Pharmacokinetics and oral absorption of various creatine supplements

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Alraddadi, Eman
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Creatine is a dietary supplement with an extensive history of use in athletes and more recently in various neurological and muscular pathologies. For both indications, large doses (>30 g/day) of creatine monohydrate (CM) are required for beneficial effects to manifest. Based on the doses required and the physicochemical characteristics of creatine, oral absorption of CM is likely incomplete. The research objectives of this dissertation were to determine the absolute oral bioavailability and pharmacokinetic (PK) profile of CM and to identify through in-silico simulations, alternative dosing strategies and formulations resulting in improved oral bioavailability and/or tissue distribution. The absolute oral bioavailability of CM was determined in rats at two different doses (10 mg/kg and 70 mg/kg) and found to be 53% and 16% for low and high dose CM, respectively. Using GastroplusTM software, a physiology-based PK (PBPK) model for CM was constructed and compared to the PK data obtained in rats. With good agreement between the simulated and observed data in rats, the model was then scaled-up to compare creatine plasma and tissue levels following various dosing strategies (i.e. once daily vs. 4 times daily, and sustained release (SR) vs. immediate release (IR)) in humans. While the model suggested that SRCM resulted in comparable plasma area under the curve (AUCss) with IR-CM, the tissue levels were predicted to be significantly higher following SR-CM (41.3 % and 18.3% increase in brain and muscle concentrations, respectively). The model was also used to predict the impact of other creatine salt forms. For these simulations, CM was compared to creatine hydrochloide (CHCl), creatine citrate (CrC) and creatine pyruvate (CrPyr). Following administration of a large dose (20 g/day), AUC0-∞ in plasma increased by 24.4, 52.1, and 56.3% for CrC, CrPyr, and CHCL, respectively. In the brain, AUC0-∞ increased by 31.0, 55.1, and 70.1%, and in the muscles by 20.1, 35.1, and 40.1%, for CrC, CrPyr, and CHCl, respectively. Our results suggest that the oral bioavailability of CM is less than complete and is dose-dependent. These studies suggest that newer forms and dosage formulations of creatine will result in superior accumulation of creatine in the tissues.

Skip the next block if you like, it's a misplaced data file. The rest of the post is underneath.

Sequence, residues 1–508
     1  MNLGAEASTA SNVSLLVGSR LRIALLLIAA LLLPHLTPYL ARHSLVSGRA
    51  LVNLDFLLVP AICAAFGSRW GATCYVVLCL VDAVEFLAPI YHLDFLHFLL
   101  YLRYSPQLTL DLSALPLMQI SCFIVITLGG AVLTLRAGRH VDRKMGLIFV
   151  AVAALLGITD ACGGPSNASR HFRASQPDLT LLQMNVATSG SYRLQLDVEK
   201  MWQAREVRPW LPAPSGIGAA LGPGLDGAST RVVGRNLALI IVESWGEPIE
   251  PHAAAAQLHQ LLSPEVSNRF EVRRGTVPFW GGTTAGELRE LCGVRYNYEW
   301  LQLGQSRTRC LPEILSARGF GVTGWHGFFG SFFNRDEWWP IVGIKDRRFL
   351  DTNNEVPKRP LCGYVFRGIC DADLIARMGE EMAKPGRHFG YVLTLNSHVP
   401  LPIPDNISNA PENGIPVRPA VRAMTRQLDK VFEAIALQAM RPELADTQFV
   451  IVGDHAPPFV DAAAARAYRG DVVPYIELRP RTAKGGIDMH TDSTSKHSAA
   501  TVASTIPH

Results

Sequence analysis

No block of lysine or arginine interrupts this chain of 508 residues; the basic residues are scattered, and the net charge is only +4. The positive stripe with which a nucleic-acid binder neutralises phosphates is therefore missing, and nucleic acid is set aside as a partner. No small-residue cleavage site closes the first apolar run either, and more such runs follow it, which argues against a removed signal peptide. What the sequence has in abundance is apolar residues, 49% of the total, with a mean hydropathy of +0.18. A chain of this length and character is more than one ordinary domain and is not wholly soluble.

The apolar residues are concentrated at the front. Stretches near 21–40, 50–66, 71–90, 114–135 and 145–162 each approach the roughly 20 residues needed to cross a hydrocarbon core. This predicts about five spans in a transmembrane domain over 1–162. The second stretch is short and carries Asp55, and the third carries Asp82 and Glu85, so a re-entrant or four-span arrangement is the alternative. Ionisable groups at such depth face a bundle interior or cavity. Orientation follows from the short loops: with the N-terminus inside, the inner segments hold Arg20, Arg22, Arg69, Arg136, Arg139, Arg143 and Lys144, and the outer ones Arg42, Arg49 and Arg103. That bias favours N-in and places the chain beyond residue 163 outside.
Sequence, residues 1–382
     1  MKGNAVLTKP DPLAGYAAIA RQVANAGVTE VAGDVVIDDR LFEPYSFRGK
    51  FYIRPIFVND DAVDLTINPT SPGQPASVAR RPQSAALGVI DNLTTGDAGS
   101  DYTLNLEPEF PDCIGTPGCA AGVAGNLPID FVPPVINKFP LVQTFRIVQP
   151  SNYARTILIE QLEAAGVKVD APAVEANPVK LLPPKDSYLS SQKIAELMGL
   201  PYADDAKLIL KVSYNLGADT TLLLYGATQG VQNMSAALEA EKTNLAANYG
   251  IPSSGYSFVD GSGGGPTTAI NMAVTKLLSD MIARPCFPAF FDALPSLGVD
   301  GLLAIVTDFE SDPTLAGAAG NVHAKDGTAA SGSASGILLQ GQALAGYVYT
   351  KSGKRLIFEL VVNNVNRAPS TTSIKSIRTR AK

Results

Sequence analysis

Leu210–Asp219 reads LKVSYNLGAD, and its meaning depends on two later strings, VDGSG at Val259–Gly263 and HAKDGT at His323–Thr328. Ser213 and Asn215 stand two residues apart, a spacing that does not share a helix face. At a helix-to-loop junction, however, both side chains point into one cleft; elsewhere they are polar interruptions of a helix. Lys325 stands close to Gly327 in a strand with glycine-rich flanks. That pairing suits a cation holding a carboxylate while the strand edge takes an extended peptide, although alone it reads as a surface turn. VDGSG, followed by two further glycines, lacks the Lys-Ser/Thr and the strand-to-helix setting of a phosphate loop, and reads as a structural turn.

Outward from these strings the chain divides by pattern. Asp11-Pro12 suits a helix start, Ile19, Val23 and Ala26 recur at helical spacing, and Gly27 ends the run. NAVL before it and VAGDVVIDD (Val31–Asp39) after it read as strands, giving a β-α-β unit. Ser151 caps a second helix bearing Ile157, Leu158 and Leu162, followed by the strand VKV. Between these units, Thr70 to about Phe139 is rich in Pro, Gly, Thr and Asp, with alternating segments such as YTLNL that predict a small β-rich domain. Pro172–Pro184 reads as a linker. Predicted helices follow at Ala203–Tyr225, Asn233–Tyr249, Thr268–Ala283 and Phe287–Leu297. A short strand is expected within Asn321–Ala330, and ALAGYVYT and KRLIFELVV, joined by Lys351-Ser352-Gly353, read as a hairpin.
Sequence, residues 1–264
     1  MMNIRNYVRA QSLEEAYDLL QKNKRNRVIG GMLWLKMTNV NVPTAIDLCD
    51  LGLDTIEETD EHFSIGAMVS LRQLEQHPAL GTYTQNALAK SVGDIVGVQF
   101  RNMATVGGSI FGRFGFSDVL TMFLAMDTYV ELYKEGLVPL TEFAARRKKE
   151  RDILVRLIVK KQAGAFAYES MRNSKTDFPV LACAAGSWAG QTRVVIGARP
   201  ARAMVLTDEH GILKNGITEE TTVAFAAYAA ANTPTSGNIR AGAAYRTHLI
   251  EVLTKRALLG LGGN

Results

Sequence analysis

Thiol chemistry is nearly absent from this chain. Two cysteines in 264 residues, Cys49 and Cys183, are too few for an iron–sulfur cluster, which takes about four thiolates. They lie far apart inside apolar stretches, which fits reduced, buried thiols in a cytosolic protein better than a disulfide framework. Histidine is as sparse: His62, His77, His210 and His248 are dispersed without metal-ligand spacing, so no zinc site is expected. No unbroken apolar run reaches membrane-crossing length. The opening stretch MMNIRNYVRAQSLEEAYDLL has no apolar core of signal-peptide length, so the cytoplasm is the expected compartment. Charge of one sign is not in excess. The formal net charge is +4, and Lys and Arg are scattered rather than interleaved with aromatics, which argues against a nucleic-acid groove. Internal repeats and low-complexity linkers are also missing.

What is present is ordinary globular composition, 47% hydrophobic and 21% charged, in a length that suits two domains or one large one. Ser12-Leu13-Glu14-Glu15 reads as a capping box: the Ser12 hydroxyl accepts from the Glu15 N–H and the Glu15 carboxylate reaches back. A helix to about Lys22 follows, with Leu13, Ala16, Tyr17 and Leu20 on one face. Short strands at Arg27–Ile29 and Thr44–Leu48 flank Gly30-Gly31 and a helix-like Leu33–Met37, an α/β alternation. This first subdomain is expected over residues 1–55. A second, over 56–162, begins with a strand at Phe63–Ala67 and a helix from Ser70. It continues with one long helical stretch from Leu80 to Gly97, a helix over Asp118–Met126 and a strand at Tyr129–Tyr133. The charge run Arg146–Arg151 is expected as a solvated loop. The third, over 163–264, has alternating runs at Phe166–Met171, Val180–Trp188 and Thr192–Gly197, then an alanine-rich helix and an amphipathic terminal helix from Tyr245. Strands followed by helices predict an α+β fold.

Creatine, Pharmacokinetics, Absorption